Working with the highest possible raster size also future proofs content, facilitating delivery of a high quality, downsampled 4K movie today, with the opportunity to release an 8K version later without the need to redo any editorial. Furthermore, 8K cameras and displays are quickly becoming more accessible and offer the image detail and fidelity that consumers have come to expect. For all these reasons, 8K knowledge and experience can make you or your company more marketable.
Where to start
Getting started with 8K requires a few initial considerations, including whether or not you’ll be using a Mac or PC system and your preferred mode of signal transit. 12G-SDI workflows, for instance, enable high quality transport of 8K/UltraHD2 content via four 12G-SDI cables, whereas HDMI v2.1 or DisplayPort v1.4 12G-SDI are capable of carrying 8K/UltraHD2 over single cables for shorter distances. It’s also important in the early stages to determine whether you’ll be working with solutions that natively support 8K/UltraHD2 or if your workflow will include 4K/UltraHD HDR products that can be grouped and used in tandem to handle 8K/UltraHD2 video signals. These decisions will ultimately impact the products you choose and your overall workflow.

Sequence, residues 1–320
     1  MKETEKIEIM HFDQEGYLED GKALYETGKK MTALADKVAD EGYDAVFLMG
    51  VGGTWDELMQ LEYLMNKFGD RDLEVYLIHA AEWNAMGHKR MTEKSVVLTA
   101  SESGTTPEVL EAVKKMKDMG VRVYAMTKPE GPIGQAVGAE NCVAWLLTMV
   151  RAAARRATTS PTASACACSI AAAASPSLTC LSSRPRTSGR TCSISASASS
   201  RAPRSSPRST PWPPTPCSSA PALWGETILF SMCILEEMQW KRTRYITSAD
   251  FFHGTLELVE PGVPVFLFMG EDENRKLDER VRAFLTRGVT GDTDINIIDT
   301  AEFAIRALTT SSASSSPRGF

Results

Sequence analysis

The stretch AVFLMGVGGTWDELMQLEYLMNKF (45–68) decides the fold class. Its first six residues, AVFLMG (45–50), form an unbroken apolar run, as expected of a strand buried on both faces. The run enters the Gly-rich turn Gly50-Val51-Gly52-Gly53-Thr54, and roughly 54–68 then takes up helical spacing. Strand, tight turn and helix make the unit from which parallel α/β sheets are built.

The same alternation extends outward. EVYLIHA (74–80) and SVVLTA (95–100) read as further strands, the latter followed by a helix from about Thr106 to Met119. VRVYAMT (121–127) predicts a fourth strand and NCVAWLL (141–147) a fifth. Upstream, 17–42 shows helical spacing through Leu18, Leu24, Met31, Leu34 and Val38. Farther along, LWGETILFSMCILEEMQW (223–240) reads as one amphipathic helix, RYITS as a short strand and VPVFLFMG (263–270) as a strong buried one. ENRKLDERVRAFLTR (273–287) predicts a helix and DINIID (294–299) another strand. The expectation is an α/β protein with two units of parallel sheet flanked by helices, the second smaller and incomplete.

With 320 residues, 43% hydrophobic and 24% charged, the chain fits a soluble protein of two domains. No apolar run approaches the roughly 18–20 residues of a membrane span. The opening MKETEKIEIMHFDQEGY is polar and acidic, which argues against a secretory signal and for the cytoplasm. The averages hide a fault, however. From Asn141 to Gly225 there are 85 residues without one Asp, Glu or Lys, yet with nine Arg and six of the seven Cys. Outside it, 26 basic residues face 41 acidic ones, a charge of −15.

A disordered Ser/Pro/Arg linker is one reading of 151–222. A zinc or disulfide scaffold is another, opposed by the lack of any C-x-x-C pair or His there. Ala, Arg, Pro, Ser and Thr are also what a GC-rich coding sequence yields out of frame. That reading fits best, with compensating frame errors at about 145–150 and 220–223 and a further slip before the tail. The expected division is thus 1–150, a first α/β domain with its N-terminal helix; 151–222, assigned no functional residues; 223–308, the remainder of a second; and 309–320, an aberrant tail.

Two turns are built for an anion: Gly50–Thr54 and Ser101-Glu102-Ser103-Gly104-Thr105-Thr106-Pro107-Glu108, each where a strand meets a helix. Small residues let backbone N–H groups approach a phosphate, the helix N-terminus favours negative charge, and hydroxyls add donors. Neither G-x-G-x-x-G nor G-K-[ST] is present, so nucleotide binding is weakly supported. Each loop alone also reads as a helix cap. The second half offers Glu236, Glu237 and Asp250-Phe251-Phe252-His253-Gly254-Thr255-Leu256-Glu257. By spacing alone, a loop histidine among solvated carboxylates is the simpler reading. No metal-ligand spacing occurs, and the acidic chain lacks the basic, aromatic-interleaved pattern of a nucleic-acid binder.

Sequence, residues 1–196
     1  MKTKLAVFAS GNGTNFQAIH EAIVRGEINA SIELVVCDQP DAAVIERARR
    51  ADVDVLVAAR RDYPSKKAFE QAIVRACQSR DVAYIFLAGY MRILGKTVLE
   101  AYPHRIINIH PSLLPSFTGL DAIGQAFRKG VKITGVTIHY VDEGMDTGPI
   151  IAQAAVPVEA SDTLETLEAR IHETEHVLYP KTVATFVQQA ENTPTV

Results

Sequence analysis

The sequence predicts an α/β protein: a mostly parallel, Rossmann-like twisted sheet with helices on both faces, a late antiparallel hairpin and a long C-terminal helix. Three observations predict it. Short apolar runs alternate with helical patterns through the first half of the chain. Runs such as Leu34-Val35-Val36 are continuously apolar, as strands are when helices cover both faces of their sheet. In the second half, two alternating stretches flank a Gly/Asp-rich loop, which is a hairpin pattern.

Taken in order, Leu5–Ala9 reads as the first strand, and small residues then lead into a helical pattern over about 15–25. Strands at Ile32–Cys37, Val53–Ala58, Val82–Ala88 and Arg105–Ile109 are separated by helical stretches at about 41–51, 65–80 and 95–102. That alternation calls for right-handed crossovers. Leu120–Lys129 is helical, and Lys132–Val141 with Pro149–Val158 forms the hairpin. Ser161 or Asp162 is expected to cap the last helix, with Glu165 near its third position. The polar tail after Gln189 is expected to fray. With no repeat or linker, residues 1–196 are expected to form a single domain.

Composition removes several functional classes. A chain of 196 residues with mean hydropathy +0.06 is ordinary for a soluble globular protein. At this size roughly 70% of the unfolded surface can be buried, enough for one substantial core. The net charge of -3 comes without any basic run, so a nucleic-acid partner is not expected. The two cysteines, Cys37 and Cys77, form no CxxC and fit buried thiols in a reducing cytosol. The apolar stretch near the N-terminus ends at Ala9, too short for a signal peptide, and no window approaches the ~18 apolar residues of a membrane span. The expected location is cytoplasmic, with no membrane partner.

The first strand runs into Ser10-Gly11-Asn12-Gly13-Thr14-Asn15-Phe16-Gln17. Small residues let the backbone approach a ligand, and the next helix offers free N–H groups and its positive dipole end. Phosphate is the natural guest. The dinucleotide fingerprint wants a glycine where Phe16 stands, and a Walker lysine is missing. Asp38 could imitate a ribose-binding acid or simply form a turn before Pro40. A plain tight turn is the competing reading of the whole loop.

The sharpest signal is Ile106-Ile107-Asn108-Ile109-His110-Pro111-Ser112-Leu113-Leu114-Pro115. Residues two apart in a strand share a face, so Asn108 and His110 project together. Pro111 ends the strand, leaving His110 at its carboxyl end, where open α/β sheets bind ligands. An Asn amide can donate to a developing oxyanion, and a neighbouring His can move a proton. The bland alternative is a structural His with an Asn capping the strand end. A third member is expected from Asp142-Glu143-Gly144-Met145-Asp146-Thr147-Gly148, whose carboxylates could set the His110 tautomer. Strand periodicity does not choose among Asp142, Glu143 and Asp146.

8K Workflow Options
Whether developing an 8K workflow that requires 8K capture and monitoring, 8K HDR monitoring, analysis and conversion, or signal conversion to 8K displays, there are a host of solutions and tips available to get up and running.
8K Capture and Monitoring
Video and audio I/O cards, like AJA’s KONA 5 for instance, are capable of powering 8K capture and monitoring via four bi-directional 12G-SDI ports. Out of the box, KONA 5 supports 8K monitoring or playout with 8K compatible NLEs, including Adobe Premiere Pro, Apple Final Cut Pro X and Avid Media Composer, in addition to full support for 8K acquisition from an external 8K camera, deck, router, switcher or other source.
Working with KONA 5 in 8K requires a 2019 Mac Pro, HP Z8, Supermicro X11DAi or Dell Precision 7920 workstation, alongside software like AJA Control Room (with macOS Catalina/Metal and Windows 10 compatibility) for ingest of uncompressed or compressed material for editing or effects work with 8K/UltraHD2 capable software packages. For those who might not have access to an 8K monitor, it’s also easy to downsample to 4K via KONA 5’s SDI or HDMI outputs in realtime.
Before diving into your project, determine whether you’ll be working with compressed or uncompressed media. Uncompressed media tends to generate larger file sizes but uses less system resources, while compressed media saves on storage space at the expense of heavily taxing the host system CPU and GPU. KONA 5 uses ATX power in PC platforms and requires a third-party ATX cable for use with the 2019 Mac Pro.